We also learn for the first time that there are actually two streams. While we are not told so directly, we are to assume that both flow from the same eternal fountain just referred to. Matelda tells Dante that the stream that separates them is called Lethe. Recall that Virgil mentioned this stream in Canto 14 of the Inferno when Dante thought it was one of the four rivers of Hell. Virgil told him he would see this river in Purgatory. In classical literature (e.g., Virgil Ovid, Statius, etc.), Lethe is the river of oblivion and forgetfulness. Matelda tells Dante that this stream has the power to remove all memory of sin.
The second stream, Eunoë, is a creation of Dante’s. It’s purpose is to restore the memory of the good deeds one has done. However, one must drink first from the Lethe. Note how drinking from each of these streams in succession will complete the process of a soul’s preparation for entrance into Paradise. Lethe and Eunoë, by the way, are Greek words: the former means “oblivion” and the latter means “well-minded.”
|↑12||In what may be a nod to Dante’s two companions, Matelda suggests that the ancient poets who wrote of the Golden Age may have had the Earthly Paradise in mind because this is where humans were created and nourished in all innocence. As I noted earlier, Ovid in his Metamorphoses (I:107ff) wrote of the Golden Age: “At that time, Spring was everlasting, and gentle breezes with warm breath played among the flowers that sprang from the fecund ground unplanted. Then the earth brought forth her stores of grain, and the unplowed fields whitened with heavy ears of corn. Sometimes rivers of milk flowed, sometimes streams of nectar, and golden honey trickled from the great oak.” Unless its subtlety be lost on us, we should recall that just as the Earthly Paradise sits atop the Mountain of Purgatory, the Muses who inspired the classical poets resided atop another mountain sacred to Apollo: Parnassus.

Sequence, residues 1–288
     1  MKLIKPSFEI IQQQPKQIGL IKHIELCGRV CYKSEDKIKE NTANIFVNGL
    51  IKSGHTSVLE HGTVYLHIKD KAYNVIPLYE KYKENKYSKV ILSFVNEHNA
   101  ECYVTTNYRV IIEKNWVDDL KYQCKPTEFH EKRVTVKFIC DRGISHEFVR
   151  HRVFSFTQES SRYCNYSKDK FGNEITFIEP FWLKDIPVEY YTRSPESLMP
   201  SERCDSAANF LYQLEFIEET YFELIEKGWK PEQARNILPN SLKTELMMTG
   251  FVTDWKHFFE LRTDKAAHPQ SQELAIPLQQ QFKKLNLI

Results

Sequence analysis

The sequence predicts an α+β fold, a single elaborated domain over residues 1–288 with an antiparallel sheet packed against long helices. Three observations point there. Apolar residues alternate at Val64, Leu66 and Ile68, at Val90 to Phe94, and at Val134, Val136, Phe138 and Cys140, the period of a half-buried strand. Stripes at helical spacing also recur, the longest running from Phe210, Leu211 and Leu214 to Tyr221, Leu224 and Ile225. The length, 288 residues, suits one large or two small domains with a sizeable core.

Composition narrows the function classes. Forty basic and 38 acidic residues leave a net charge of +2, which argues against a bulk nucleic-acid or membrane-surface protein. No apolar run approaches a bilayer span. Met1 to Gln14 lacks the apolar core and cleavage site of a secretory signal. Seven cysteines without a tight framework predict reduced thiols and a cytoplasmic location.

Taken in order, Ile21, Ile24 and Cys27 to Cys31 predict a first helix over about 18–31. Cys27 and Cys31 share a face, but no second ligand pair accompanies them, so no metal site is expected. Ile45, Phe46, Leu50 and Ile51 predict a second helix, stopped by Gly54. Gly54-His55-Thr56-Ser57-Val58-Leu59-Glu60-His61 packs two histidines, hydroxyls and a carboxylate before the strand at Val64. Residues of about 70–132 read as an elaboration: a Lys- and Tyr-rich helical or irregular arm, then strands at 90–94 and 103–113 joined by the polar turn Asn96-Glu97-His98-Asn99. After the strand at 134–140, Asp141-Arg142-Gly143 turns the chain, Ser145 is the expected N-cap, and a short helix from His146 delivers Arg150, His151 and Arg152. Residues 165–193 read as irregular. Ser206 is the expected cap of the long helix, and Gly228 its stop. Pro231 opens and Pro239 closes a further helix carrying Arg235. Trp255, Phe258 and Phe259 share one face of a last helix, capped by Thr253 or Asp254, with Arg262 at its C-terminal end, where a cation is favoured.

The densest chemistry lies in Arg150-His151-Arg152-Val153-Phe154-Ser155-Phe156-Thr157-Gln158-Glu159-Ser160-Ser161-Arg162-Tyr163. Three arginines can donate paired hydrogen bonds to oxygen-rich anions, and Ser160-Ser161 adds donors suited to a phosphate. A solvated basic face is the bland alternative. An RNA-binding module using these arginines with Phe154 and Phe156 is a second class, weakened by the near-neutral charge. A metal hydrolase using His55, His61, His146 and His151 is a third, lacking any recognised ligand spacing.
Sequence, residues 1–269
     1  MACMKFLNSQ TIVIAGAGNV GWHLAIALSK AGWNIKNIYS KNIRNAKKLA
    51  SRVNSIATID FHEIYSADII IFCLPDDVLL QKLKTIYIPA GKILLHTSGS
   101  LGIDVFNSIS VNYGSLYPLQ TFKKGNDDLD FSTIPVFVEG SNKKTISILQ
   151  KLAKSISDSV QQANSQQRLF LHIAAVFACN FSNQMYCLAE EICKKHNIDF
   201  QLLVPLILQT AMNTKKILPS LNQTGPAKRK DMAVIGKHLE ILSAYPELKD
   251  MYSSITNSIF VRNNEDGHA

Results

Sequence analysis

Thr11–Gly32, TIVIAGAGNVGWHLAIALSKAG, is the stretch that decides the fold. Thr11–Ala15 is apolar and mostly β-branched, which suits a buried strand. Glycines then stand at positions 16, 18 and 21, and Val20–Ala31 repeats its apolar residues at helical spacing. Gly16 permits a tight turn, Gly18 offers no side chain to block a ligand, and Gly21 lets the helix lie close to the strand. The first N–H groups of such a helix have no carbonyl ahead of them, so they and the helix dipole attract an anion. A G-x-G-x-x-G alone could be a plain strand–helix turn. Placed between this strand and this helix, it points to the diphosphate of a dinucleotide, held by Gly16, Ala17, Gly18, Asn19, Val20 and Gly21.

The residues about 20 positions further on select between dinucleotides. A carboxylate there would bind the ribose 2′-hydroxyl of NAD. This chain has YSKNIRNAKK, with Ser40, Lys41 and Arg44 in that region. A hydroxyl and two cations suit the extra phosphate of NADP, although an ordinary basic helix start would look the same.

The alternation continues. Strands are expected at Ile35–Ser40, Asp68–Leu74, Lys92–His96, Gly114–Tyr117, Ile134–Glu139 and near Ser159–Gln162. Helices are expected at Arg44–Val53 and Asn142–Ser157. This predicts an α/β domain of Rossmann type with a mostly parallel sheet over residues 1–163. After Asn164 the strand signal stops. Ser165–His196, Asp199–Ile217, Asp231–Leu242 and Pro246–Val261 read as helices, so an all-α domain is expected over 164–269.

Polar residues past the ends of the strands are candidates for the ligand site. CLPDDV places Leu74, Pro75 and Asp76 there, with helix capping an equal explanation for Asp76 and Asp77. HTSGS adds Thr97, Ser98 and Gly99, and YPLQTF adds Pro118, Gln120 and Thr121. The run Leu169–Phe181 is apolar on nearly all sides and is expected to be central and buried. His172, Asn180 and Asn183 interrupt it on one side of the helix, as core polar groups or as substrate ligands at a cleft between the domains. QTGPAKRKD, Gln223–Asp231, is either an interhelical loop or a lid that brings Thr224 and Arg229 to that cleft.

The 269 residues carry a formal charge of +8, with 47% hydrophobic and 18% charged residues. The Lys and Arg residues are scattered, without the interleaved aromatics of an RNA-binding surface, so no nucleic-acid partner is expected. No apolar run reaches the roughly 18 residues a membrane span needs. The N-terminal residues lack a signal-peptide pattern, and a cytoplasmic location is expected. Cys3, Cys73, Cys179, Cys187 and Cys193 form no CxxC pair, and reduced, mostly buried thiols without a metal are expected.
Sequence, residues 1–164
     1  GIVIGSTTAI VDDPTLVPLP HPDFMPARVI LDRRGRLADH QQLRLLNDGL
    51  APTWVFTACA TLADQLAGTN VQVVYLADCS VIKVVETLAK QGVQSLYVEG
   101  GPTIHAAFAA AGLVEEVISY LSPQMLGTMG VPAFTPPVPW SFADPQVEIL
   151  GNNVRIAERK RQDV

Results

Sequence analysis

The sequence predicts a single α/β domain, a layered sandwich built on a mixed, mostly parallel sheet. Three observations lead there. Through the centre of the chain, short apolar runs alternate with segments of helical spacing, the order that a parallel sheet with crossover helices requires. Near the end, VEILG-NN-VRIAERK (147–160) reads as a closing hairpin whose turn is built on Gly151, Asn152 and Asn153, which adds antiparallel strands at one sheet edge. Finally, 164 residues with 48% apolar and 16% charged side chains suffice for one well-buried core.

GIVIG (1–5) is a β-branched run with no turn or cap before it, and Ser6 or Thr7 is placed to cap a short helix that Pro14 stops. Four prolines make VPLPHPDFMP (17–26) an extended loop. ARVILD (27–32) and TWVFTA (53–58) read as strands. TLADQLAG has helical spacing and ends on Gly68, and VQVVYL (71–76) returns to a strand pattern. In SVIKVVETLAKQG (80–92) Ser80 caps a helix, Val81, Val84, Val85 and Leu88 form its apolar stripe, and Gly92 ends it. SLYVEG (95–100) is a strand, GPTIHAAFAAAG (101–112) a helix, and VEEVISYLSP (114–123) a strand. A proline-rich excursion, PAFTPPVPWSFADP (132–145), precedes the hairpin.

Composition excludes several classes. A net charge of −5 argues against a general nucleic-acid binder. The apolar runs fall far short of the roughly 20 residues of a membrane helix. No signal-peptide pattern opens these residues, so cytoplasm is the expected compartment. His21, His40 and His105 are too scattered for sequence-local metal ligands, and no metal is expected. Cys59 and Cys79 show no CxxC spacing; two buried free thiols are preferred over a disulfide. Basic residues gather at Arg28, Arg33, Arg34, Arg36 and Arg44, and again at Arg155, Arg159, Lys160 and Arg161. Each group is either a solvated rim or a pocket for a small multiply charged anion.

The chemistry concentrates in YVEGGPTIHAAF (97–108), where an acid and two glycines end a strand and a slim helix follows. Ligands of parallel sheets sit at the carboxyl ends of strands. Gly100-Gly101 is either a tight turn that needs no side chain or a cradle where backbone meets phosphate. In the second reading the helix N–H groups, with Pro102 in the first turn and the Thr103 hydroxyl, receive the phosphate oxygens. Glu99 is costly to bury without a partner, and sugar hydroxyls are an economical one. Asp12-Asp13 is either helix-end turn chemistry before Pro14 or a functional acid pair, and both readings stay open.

By her mention of the Golden Age Matelda subtly joins scripture and classical literature. Her point is that in/from this place all things were/are touched by the sacred, the eternal. Though we lost access to the Earthly Paradise, its memory still resides deeply within us and all created things. Dorothy Sayers offers this reflection in her commentary here: “This memory belongs to Man’s nature; it is not the gift of revelation, but common to heathen and Christian alike. It follows that when we today contemptuously call such dreams ‘nostalgic,’ which means ‘homesick,’ we are unwittingly calling them by their right name, for they quite literally arise from Man’s longing for his true and original home.” At this point in his Comedy, Dante has brought us home, though only temporarily, for Paradise awaits him and all of us.
|↑13||The smiles of Virgil and Statius are affirmations that they understand what Matelda has told Dante, and encouragement for him to continue following her.|